Monthly Archives: September 2014

We Sail Tonight For Singapore

Not so long ago, Sean and I were student teaching in Madison, Wisconsin. When it came time to start the job search, we applied to the Singaporean public school system. Trust me, it felt as surreal as it sounds.  This was before we knew about overseas recruitment fairs. A professor of Sean’s recommended we apply to Singapore, and that she’d put in a good word for us. (As she “knew people” in Singapore.)

We sent our paperwork off and waited a few days. To our surprise, we received an email telling us to go to the Town Bank building on the capitol square at 10:30 at night. There, we would buzz the entrance to the complex, be led to an empty conference room on the seventh floor in the pitch dark, and conduct a video interview with the Singapore school board. We did all this, and were offered a position within the week.

Why am I telling you this? Because we visited Singapore this past month for the first time, and I couldn’t help but think about how our lives would have been different had we accepted the job.

Not only that, but my student teaching supervisor kept singing the Tom Waits song, “We sail tonight for Singapore” as we contemplated accepting the job or not.

Needless to say, there was something that didn’t feel quite right, and we politely declined the offer.

After tasting Singapore’s food and walking there streets, maybe I would have said differently all those years ago…

 

IMG_1719We were there for a conference, and settled into a nearby hawker center for a drink and an Indian meal. Tiger beer is the iconic beverage of Singapore, and due to its international nature, Indian food can be found on every menu.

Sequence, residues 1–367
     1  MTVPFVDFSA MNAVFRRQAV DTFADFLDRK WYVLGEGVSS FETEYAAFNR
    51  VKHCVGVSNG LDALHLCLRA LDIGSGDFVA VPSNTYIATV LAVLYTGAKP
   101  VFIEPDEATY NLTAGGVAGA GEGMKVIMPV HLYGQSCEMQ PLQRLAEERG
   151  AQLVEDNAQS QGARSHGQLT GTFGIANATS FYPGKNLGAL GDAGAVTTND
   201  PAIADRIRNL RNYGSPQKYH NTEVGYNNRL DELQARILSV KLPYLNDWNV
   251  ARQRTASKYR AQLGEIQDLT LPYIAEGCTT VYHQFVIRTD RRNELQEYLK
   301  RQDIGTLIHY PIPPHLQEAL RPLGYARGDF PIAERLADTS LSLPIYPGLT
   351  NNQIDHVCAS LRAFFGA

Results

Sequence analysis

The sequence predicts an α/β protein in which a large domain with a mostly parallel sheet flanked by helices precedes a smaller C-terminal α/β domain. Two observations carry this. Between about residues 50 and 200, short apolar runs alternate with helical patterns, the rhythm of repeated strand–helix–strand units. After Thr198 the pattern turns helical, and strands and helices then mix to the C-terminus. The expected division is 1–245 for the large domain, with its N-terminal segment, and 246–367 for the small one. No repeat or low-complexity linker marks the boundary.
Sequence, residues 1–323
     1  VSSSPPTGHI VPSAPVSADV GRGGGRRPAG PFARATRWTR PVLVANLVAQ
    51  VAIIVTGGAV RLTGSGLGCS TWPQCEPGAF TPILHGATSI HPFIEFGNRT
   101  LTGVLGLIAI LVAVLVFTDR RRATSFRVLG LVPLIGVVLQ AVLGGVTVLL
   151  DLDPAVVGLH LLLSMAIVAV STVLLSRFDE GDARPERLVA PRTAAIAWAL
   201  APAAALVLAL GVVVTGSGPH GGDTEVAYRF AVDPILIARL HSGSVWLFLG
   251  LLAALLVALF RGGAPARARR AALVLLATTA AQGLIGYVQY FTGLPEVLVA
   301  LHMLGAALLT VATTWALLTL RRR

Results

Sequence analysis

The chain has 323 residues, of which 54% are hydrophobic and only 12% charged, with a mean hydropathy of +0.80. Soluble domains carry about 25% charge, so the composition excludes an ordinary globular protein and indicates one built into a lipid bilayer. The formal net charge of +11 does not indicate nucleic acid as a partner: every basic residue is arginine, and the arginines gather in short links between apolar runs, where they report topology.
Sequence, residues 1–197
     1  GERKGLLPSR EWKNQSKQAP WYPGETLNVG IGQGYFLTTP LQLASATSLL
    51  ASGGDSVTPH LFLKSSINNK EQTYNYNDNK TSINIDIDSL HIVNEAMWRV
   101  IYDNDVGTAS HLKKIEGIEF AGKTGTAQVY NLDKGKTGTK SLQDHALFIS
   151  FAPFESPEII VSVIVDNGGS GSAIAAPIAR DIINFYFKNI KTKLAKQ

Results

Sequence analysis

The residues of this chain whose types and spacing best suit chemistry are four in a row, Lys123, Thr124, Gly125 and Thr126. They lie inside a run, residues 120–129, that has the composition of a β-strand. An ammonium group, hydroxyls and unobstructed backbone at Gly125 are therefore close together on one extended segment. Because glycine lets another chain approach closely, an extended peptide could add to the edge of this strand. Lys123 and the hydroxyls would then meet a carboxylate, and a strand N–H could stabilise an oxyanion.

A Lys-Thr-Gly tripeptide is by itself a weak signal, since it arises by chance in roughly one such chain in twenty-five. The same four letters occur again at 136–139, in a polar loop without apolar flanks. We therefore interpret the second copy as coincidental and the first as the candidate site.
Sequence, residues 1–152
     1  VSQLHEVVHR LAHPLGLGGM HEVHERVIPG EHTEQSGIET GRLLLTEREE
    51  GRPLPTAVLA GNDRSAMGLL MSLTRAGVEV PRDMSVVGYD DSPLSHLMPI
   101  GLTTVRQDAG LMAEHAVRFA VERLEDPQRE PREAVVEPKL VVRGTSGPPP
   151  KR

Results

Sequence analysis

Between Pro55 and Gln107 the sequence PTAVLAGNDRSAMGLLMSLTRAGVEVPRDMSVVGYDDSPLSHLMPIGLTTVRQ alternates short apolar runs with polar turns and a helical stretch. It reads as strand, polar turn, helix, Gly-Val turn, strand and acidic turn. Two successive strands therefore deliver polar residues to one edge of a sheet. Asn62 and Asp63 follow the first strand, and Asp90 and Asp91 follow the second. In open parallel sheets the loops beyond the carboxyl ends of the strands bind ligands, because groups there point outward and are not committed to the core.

IMG_1722A hawker center is a bit like an open-air food court. People order an iced tea, a meal, or just a snack and rest for a while on the plastic chairs.

IMG_1728As Asian as the hawker center felt, there was so much that was British and colonial about the country.  Such as the absurd pictures for bathrooms in the hotel.

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IMG_1736A morning photo down the street as we walked to the subway. Yes, Singapore is as clean as it’s rumored to be. Also, everything is in English, and the cars are impeccably clean and modern. I think it must be a literalcrime to own an old car in Singapore.

 

IMG_1743The famous “No durians” subway sign! You actually cannot take a durian on the subway. The poor, ostracized fruit. I feel bad for the durian; it is the object of everyone’s contempt despite its luscious meaty interior and pungent, unique aroma.

But seriously. The smell of a durian is like boiling a pot of gym socks, onions, vomit, and sangria. Anthony Bourdain described it as “Your breath will smell as if you’d been French-kissing your dead grandmother.” And he loves durian.

Me? I’ve only ever had durian ice cream. And I liked it. A lot. Honest! It was that type of flavor where the initial taste is slightly repulsive, but the mouthfeel and lingering aftereffect is mouthwateringly curious. You aren’t quite sure whether you like it or not, but you can’t stop eating. I once read an article about a couple who moved to Southeast Asia because they became obsessed with the taste of durian. (You can read more here.) Animals can detect the smell half a mile away.

No wonder it’s forbidden on public transportation.

IMG_1751Another Singaporean classic: The Marina Bay Sands Hotel.

IMG_1788We settled into a restaurant across the water from the hotel and watched the evening light and sound show. All of Singapore felt a little like Disneyland.

IMG_1794After our final day of the conference, we had an evening to explore. As our hotel was in the shopping district, we decided to take it easy and see what the surrounding streets had to offer. It was a bit like being downtown Chicago.

IMG_18077-Eleven is another Southeast Asian ubiquity. We don’t have them yet in Cambodia, but their presence everywhere else is simply astounding.

IMG_1811When it was time for dinner, we went to a food court. That’s right, a food court. Why, you ask? So we could order the following:

Kim’s Meal: Barley tea and nasi lemak (The national dish consisting of coconut rice, fried fish and chicken, and spicy sauce.)

Sean: Pink juice and pepperoni pizza

Like I said, Singapore has something for everybody.